The 3 E’s: education, economics and ethics

Posted by James McPherson on December 4, 2008

The lead news today continues to be about a possible government bailout of the Big Three auto makers, but frankly this week I’m more concerned about the long-term costs of another impending disaster for the U.S. economy.

Unless we fix some serious problems with our educational system, we won’t have people smart enough to design the cars of the future, or with jobs good enough to be able to afford those cars. And unless we start to pay some attention to how ethics in government, business and elsewhere are being internalized by our children (who, as George W. Bush would say, “is learning,” inside the classroom and out), we won’t be able to trust anything made or sold by an American graduate, anyway.

Though I teach at a highly ranked institution that boasts the smartest and most ethical students I’ve ever worked with, this has been a troubling week for news related to higher education. Tuition costs continue to rise, to the point where a study reported in yesterday’s New York Times predicts that college education may soon be unaffordable for those from the middle class (or what little remains of it) and below. Harvard, the school whose graduates we all most resent while we wish our own kids could get in there, saw its endowment drop by 22 percent in the first four months of the school year.

Maybe they can steal the tuition money. Another survey released this week shows that most high school students cheat–and about a third say they have stolen something from a store within the past year. Less surprising, is that more than 80 percent of public school and private religious schools admit lying to their parents about “something significant,” which prompts me to suspect that at least 10 percent lied about lying.

More troubling is that more than 90 percent of students surveyed reported being satisfied with their personal ethics (they may lie, cheat and steal, but they’re OK with it), with 59 percent agreeing that “In the real world, successful people do what they have to do to win, even if others consider it cheating.”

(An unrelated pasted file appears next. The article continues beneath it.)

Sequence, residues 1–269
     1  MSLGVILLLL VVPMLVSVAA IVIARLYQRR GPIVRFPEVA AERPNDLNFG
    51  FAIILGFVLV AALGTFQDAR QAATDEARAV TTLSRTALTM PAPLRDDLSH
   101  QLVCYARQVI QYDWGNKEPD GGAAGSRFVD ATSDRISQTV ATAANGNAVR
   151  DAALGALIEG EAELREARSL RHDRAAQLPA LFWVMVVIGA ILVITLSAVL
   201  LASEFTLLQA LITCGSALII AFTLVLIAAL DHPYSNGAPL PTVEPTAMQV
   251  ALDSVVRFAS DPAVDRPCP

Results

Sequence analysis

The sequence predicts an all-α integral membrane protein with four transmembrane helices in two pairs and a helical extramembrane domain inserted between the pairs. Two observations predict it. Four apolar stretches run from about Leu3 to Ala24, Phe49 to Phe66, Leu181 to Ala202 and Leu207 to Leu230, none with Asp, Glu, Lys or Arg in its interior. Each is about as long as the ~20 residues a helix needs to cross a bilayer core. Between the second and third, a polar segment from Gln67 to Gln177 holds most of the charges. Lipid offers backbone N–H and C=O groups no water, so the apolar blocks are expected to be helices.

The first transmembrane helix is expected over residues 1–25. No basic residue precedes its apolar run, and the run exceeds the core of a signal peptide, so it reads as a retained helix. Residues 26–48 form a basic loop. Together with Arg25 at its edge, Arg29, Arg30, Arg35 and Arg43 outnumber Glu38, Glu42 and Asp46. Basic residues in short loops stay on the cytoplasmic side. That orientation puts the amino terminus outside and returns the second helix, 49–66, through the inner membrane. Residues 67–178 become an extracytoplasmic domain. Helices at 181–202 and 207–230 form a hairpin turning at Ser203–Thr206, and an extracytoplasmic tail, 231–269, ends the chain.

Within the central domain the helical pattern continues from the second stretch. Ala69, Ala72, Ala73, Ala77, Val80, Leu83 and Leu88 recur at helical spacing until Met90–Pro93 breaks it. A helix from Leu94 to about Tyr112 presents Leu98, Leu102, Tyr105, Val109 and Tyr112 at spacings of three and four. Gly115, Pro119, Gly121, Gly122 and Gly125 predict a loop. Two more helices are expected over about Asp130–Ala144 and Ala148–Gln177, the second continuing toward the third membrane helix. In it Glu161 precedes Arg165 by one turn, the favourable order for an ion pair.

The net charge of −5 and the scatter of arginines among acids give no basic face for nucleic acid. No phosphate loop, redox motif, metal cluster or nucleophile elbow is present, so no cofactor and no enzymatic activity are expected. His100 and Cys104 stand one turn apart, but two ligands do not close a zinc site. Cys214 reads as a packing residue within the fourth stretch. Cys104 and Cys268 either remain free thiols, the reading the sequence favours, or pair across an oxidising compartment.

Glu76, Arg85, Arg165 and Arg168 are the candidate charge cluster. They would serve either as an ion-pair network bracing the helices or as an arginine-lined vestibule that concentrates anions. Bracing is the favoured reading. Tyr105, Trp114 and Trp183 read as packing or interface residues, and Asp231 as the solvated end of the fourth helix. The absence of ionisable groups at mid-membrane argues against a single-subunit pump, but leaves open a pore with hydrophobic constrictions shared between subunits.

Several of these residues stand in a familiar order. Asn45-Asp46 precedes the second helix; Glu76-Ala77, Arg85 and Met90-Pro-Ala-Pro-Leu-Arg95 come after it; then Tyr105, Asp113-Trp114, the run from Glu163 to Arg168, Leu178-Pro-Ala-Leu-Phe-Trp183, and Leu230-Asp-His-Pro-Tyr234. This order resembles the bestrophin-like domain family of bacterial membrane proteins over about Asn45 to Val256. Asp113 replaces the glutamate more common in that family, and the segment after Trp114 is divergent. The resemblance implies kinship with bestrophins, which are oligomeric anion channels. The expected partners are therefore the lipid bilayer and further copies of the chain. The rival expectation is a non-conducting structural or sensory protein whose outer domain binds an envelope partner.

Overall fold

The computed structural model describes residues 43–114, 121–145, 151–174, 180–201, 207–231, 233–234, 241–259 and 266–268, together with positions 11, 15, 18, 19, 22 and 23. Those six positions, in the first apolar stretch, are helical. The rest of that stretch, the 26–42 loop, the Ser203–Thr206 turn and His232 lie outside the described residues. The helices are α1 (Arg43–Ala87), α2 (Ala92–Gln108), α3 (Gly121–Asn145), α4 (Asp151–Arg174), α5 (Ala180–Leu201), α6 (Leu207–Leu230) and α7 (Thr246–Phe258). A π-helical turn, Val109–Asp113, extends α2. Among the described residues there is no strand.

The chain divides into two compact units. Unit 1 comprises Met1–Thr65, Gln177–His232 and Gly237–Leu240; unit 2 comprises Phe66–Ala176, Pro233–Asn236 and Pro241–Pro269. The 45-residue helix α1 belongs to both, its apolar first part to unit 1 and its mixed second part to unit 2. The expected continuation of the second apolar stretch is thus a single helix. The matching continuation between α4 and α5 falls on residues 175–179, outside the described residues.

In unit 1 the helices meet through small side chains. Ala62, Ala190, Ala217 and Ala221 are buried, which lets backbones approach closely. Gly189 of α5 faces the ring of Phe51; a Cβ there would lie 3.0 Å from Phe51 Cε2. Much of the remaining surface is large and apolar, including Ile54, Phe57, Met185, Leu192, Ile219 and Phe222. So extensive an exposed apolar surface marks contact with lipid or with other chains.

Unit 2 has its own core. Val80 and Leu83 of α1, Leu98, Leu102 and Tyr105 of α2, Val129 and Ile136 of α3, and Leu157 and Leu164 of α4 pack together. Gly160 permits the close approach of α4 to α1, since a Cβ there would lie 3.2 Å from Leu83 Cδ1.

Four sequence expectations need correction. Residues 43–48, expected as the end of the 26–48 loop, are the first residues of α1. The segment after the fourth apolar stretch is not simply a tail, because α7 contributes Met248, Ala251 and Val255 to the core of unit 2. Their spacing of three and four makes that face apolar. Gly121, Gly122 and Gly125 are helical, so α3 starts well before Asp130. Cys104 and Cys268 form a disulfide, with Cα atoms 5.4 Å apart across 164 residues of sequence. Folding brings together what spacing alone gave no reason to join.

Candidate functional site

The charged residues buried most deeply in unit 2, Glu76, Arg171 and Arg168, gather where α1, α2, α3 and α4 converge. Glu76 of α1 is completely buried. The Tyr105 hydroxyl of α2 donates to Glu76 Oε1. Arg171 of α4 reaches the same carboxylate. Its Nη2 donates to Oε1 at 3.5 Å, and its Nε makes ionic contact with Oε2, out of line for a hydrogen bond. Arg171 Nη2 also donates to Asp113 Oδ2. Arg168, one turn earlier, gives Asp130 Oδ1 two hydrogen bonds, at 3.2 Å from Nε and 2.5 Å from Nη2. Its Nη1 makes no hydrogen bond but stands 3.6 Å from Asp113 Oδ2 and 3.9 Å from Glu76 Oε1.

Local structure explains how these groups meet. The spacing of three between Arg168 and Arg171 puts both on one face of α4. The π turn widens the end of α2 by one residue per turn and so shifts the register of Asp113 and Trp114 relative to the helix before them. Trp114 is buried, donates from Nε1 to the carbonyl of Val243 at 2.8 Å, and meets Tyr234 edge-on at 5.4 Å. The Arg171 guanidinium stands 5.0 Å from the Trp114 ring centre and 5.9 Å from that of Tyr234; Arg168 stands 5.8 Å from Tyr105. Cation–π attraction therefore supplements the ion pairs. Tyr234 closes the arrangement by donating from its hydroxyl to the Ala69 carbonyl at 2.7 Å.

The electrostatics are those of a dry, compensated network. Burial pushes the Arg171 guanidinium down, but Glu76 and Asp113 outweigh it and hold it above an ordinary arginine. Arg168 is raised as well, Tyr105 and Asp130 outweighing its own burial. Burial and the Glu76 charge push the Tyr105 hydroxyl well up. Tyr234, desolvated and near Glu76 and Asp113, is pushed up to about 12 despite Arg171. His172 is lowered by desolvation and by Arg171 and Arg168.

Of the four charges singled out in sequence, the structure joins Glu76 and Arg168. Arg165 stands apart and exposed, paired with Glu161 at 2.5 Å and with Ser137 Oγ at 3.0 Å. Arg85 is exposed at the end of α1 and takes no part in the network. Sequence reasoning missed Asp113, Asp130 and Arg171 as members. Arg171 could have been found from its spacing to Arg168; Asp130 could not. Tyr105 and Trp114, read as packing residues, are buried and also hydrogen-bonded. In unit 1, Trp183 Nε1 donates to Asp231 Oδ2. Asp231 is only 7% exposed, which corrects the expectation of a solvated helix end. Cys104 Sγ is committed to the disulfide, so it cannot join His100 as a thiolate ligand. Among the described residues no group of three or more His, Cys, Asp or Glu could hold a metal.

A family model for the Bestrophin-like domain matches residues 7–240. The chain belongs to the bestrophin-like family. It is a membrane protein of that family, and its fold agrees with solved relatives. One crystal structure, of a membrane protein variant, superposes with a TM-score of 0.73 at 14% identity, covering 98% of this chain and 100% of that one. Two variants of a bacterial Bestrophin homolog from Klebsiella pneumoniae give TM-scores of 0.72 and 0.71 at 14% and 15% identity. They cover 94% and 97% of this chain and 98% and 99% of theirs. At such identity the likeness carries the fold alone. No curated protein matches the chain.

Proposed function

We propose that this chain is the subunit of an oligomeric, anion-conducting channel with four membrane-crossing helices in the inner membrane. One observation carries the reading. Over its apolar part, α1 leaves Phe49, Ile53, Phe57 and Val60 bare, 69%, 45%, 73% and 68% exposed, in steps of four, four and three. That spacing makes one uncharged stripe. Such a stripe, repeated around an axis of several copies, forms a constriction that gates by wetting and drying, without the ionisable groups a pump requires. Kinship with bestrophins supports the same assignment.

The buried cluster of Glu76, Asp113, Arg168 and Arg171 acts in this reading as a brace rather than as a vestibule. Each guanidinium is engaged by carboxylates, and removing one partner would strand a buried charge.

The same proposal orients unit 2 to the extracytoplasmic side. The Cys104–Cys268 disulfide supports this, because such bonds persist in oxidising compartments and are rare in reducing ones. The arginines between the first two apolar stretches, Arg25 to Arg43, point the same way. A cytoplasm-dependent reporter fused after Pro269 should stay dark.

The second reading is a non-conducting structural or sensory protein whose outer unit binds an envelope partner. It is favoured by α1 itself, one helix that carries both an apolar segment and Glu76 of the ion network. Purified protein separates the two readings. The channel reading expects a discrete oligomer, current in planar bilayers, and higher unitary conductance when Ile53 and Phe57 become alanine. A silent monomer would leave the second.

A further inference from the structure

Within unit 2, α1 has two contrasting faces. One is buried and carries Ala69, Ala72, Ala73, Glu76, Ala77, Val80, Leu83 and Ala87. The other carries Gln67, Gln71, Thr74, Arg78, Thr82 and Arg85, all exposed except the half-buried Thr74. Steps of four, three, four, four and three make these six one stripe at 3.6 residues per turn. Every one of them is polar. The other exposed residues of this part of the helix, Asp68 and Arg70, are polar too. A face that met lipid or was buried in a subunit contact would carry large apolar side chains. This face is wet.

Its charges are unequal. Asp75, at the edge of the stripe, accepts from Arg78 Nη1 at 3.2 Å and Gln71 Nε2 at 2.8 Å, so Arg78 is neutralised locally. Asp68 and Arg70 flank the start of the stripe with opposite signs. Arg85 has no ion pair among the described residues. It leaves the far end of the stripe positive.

And then there’s this bit of trash: A supposed journalism student writing for “The Daily Beast” about her “sugar daddy” relationship. which she euphemistically calls “maybe even the distant cousin of—dare I say it?—prostitution.” (Yes, you may call it what it is.) She does offer a bit of good news for the reeling auto industry: “And the company car I drive costs him around $700 a month for the lease and the insurance.” She writes–as if she knows–that when the relationship is over, “I will part with a lifelong friend [Yeah, right; I see him on future guest list for her future wedding], a great career, and a killer wardrobe.”

Part of her justification is that “truth be told, women have used their wiles and charms to get ahead for years.” Perhaps. Students have also cheated for years (and with that in mind, maybe this “journalism student” is just spinning a provocative tale), and Americans in various business and government sectors have been ignoring negative economic indicators for years.

But as Dr. Phil might say, were he treating the nation as a sobbing, overweight, somewhat dim TV “client”: “How’s that working for you?

Posted in Education, Journalism, Politics, Women | Tagged: , , , , , , , , , , , , , , , , , , , | Leave a Comment »